Hearthstone pro player Blitzchung banned for Hong Kong support
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On Oct. 8, pro Hearthstone player Chung “Blitzchung” Ng Wai was banned from the game after voicing support for Hong Kong during a post-game interview. During the interview Chung wore a mask similar to those worn by protesters and exclaimed “Liberate Hong Kong. Revolution of our age!” Blizzard has since removed the VOD replay, but clips from the stream are still available.

In the clip, the casters are seen physically ducking under their desks after saying, “Say the eight words, then we’ll end the interview immediately.” Both casters were also let go by Blizzard, even though they cut immediately to a break after Blitzchung’s comments.

Blizzard’s response

Blizzard stated in a post that the incident violated the 2019 Hearthstone Grandmasters Official Competition Rules in Section 6.1 (o). The rule states the following:

Engaging in any act that, in Blizzard’s sole discretion, brings you into public disrepute, offends a portion or group of the public, or otherwise damages Blizzard image will result in removal from Grandmasters and reduction of the player’s prize total to $0 USD, in addition to other remedies which may be provided for under the Handbook and Blizzard’s Website Terms.

Blizzard also stated that they “are taking the necessary actions to prevent similar incidents from happening in the future.”

For Blitzchung, Blizzard’s decision has him removed from the Grandmasters tournament and losing all prizes earned from Grandmasters Season 2. He will also be unable to participate in Hearthstone esport events until Oct. 5, 2020.

Blizzard claims that while players are allowed to express their thoughts and opinions, “players and other participants that elect to participate in our esports competitions must abide by the official competition rules.”

The community’s response

This event has ignited the Hearthstone community, the news rapidly spreading to other Blizzard forums and subreddits. The original blog post that Blizzard released has had comments disabled, and the official Hearthstone subreddit is covered in pro-Hong Kong posts with at least one mod stepping down. On Twitter the hashtag #BoycottBlizzard is trending, with thousands of users talking about the decision.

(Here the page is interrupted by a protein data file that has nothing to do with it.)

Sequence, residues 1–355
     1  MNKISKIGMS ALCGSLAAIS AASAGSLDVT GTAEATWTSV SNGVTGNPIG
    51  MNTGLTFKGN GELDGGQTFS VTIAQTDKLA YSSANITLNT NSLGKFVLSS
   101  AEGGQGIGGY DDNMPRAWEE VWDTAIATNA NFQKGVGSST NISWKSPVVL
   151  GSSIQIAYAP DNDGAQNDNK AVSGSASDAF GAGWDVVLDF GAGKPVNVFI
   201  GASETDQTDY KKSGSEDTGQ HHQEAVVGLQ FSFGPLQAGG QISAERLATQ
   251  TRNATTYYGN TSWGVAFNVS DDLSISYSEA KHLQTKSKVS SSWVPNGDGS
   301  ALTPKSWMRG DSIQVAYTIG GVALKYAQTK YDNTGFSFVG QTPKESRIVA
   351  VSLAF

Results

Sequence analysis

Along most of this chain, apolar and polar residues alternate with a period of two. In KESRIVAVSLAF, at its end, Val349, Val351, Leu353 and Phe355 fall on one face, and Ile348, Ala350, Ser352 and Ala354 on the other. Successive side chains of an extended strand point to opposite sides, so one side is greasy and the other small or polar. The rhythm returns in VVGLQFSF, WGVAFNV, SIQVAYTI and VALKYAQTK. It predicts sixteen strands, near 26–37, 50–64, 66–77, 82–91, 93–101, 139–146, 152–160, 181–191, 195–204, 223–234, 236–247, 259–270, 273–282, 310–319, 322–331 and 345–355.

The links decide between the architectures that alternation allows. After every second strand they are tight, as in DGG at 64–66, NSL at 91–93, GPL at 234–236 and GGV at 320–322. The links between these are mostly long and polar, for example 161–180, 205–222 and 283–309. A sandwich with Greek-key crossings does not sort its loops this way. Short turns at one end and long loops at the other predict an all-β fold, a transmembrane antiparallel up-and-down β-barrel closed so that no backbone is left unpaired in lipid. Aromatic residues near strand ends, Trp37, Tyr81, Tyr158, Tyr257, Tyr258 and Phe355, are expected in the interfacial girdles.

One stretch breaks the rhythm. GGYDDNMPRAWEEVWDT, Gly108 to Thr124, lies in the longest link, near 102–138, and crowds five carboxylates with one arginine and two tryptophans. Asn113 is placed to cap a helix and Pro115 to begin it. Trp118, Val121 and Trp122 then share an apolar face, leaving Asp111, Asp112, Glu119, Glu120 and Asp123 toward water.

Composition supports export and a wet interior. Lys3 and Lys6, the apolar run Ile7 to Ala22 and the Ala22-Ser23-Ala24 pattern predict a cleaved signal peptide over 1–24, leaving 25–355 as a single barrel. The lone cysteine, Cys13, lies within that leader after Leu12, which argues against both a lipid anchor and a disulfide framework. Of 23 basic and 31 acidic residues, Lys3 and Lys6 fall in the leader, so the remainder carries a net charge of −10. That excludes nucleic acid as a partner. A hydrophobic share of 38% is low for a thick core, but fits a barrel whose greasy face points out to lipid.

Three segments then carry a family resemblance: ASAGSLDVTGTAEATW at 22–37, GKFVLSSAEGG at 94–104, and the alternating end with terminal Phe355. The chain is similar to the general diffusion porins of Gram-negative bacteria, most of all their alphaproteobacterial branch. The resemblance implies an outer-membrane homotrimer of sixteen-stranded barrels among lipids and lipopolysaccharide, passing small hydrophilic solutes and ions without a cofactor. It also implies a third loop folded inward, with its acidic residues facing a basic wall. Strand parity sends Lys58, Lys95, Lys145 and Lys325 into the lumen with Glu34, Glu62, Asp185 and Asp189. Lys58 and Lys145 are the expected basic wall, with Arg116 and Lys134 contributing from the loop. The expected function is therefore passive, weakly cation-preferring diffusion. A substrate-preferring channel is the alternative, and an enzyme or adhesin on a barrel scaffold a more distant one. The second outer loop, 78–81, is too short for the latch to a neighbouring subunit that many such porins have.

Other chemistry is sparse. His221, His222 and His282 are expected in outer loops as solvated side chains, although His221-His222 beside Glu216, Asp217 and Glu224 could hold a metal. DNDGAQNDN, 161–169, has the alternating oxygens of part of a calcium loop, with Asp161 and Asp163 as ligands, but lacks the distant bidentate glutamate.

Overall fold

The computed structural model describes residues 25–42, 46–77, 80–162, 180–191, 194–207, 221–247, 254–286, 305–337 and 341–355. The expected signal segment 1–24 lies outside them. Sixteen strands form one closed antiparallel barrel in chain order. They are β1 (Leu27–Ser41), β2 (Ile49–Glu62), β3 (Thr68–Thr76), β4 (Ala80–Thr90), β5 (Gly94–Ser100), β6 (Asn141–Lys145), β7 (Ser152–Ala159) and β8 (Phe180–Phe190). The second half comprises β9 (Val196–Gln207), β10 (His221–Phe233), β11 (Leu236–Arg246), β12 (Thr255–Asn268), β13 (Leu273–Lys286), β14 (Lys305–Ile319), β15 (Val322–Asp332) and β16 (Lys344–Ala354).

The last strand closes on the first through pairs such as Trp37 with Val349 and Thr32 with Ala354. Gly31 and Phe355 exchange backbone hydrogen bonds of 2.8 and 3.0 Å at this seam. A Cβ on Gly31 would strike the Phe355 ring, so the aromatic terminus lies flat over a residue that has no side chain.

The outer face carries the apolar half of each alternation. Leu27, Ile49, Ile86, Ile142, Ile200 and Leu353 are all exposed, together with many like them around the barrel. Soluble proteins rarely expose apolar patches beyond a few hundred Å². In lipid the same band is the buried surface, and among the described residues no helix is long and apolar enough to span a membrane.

Other digital games have commented on the situation. Digital trading card game Gods Unchained offered to replace Blitzchung’s lost winnings. They also offered to give him an entry into their $500K tournament.

Even Blizzard employees are unhappy with the company’s actions. An employee covered up the “Think Globally” and “Every Voice Matters” core values on display outside the building courtyard. One unnamed Blizzard employee posted an image in the Hearthstone subreddit of the protest. The image shows approximately two dozen employees standing around the iconic orc statue with the covered core values.

“Heroes Never Die”

Other Hearthstone players are showing solidarity for Blitzchung after his banning. After losing a match in the official 2019 Hearthstone Collegiate Champs, the American University team held up a sign that read “Free Hong Kong, Boycott Blizz.” The stream cut away and Blizzard notified all Collegiate teams that there would be no more interviews performed during the stream.

Hearthstone caster Brian Kibler released a statement explaining why he chose to step down from casting the Grandmasters finals at BlizzCon. Kibler stated that while he understands the need to separate personal views from event coverage, the punishment is unjustly harsh. “The heavy-handedness of it feels like someone insisted that Blizzard make an example of Blitzchung,” Kibler continued. “Not only to discourage others from similar acts in the future but also to appease those upset by the outburst itself.”

Blizzard, Hong Kong, and what happens next

While Blizzard has been silent since their banning of Chung, what they do moving forward will be extremely important. If they stand by their decision to ban Chung, they risk losing even more of their player base to boycotts. If they reverse their decision, they risk upsetting Tencent, the Chinese investment conglomerate that holds a 5% stock investment in Activision Blizzard. Regardless of the decision Blizzard makes, the damage to Chung and the wider community will not go away.

With BlizzCon just a few weeks away, Blizzard will be facing heavy criticism for its actions. Follow Daily Esports for more as the story develops.

Ryan Hay is a writer and content creator currently living in New York. Video games, anime, and Magic: The Gathering have all been strong passions in his life and being able to share those passions with others is his motivation for writing. You can find him on Twitter where he complains about losing on MTG Arena a lot.